Of all the clubs Juventus could have invited to open their new 41,000-capacity stadium this week, an English League One side were not the most obvious choice.
With an admirable nod to their history and heritage, however, the Italians are according the privilege to Notts County, to whom they owe their famous black-and-white stripes. When they needed a new kit back in 1903 – the original pink (!) having faded too much – an Englishman playing for them arranged with a Nottingham friend for a set of County shirts to be sent over.
Thursday's date is not the most convenient for Martin Allen's team, who have a league game against Bournemouth on Saturday, but their chairman Ray Trew said they were always planning to "move heaven and earth" to make the fixture possible. The irony is that this season County have virtually dispensed with their traditional kit by employing the thinnest of black pinstripes.
Juve, the most successful club in Italian football (27 Serie A titles), moved to a new ground for the 1990 World Cup but were never happy there and have rebuilt it, dispensing with the athletics track (West Ham nb), at a cost of some £88million.
Meanwhile, Arsenal may now be less welcome opponents for a similar event in France. Lille have had an arrangement with the London club for several years to open their new stadium next summer but now that Arsène Wenger has signed the club's Korean striker Park Chu Young, some Lille supporters do not want them any more.
Shaky times on the spot
Whether on international duty or not, Premier League players ought to have spent some time in the past week practising their penalty kicks.
Of 11 taken in the League so far, only four have been successful: by Ben Watson (Wigan), Mikel Arteta (Everton), Frank Lampard (Chelsea) and Wayne Rooney (Manchester United). But Watson also missed one, as did Arsenal's Robin van Persie, Stoke's Jon Walters, Kevin Doyle of Wolves, Luis Suarez of Liverpool, two Blackburn players, Mauro Formica and Junior Hoilett in the same game.
Last season four out of every five penalties were converted, Arsenal having the worst record with three misses out of seven as well as conceding the most (nine).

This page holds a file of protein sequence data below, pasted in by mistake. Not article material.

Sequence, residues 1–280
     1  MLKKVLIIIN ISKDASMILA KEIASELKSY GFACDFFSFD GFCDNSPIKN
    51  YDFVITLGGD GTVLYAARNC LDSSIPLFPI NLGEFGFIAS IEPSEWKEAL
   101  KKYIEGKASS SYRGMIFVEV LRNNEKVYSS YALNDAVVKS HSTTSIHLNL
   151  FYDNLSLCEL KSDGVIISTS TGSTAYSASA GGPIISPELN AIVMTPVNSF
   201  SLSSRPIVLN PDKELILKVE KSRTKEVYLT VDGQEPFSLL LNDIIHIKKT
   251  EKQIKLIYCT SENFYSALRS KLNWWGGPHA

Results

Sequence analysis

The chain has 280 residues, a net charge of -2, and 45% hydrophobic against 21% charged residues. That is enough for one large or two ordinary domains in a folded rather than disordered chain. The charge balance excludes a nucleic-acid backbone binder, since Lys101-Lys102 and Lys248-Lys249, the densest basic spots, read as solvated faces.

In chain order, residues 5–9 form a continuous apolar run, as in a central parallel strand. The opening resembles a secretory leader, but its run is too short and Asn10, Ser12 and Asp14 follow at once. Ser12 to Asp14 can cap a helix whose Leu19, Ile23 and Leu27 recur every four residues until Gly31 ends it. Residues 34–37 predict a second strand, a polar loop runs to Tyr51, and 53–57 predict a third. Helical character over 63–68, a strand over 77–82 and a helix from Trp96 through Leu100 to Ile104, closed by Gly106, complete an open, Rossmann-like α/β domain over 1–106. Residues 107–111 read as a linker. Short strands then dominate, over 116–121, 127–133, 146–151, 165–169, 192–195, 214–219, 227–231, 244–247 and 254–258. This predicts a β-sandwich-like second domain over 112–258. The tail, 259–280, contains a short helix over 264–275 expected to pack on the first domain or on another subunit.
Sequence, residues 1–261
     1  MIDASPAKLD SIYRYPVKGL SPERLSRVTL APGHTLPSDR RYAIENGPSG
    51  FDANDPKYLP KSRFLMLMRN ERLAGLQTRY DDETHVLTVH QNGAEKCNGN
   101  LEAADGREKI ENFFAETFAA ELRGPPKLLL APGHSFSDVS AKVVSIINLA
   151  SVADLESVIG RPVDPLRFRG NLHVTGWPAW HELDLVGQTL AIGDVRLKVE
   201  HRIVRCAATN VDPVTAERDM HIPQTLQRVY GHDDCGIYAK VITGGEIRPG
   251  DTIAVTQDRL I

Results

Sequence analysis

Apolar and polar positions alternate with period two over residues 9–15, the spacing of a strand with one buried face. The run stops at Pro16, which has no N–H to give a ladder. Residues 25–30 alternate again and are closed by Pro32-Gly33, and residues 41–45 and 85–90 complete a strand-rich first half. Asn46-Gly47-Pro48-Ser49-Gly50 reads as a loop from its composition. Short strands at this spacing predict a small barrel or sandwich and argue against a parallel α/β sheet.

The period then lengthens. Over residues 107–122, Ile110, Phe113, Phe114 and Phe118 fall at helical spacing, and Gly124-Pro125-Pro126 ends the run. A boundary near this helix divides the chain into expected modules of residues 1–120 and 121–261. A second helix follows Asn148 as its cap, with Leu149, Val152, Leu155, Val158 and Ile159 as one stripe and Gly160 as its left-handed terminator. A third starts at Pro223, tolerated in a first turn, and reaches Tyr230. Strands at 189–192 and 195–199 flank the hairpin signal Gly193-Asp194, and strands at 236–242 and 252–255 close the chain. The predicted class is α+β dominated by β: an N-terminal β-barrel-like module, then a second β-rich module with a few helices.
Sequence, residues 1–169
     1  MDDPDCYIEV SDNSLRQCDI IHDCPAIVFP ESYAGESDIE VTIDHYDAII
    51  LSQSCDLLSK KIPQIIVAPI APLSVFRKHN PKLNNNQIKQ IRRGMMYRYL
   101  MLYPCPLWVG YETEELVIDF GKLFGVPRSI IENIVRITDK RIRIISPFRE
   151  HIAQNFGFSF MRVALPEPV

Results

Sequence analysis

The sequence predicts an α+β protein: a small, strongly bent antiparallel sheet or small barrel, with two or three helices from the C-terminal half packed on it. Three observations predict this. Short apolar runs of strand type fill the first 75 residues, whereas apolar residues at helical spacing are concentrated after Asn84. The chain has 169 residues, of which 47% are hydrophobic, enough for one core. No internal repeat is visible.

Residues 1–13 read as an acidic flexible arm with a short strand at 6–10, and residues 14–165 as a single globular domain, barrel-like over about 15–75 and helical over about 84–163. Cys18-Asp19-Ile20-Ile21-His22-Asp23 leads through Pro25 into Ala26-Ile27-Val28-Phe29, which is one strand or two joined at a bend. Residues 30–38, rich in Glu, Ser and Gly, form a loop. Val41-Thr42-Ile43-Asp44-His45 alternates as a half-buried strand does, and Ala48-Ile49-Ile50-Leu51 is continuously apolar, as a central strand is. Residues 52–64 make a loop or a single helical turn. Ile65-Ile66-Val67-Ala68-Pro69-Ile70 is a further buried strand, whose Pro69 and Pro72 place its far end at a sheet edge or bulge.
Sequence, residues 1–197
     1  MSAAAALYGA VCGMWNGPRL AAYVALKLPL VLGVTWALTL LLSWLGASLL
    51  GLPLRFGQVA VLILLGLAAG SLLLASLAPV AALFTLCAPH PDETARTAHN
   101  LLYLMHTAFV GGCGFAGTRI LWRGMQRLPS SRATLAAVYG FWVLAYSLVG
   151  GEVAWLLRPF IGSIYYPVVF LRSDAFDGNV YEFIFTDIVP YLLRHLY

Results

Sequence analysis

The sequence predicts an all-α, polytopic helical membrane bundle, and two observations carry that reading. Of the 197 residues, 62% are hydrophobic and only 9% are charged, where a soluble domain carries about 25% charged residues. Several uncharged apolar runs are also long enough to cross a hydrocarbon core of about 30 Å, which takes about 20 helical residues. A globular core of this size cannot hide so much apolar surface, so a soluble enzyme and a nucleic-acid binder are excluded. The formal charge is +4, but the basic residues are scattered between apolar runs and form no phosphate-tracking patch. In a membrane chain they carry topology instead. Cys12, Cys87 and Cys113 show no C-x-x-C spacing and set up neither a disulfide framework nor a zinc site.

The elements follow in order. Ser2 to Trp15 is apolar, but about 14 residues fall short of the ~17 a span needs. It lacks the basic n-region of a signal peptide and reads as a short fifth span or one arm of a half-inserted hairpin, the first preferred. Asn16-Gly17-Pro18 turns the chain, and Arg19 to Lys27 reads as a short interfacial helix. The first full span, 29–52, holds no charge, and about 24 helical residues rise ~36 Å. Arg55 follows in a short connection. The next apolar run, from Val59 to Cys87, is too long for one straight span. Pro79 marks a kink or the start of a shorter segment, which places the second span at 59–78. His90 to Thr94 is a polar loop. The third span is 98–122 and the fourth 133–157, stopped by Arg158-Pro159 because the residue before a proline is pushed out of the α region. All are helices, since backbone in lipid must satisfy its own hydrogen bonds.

Cantona: just desserts?
Leeds United are agog to know whether Eric Cantona will be joining their official 20th anniversary dinner in October to commemorate winning the last First Division title before the Premier League began.
A hero at the time, he became a villain by signing for the arch-enemy Manchester United six months later and would therefore face an interesting reception from supporters paying £72 for a ticket to the glitzy event. "He only played 15 games, so maybe he'll just turn up for dessert," one caustic Yorkie observed.
The great man is understood to have been invited but not yet to have replied.
City are big in Japan
Twenty years on, Leeds are a long way from challenging Manchester United, who find themselves under pressure from a club much closer to home.
On a visit to the new Champions' League store in Tokyo, a reader noted Manchester City's new and expensively acquired place in the limelight, as they go head to head with their rivals in a huge display in the shop window.
FA looks to broker a deal
Following last week's item on players facing expensive lawsuits after causing an injury to an opponent, the Football Association has revealed that it is consulting insurance brokers with a view to setting up a national scheme at grass roots level.
A spokesman said: "The viability of offering sustainable 'player on player' cover as part of this scheme is one of the key areas which the FA has asked the brokers to consider."
Many smaller clubs cannot currently afford the insurance premiums demanded.Reuse content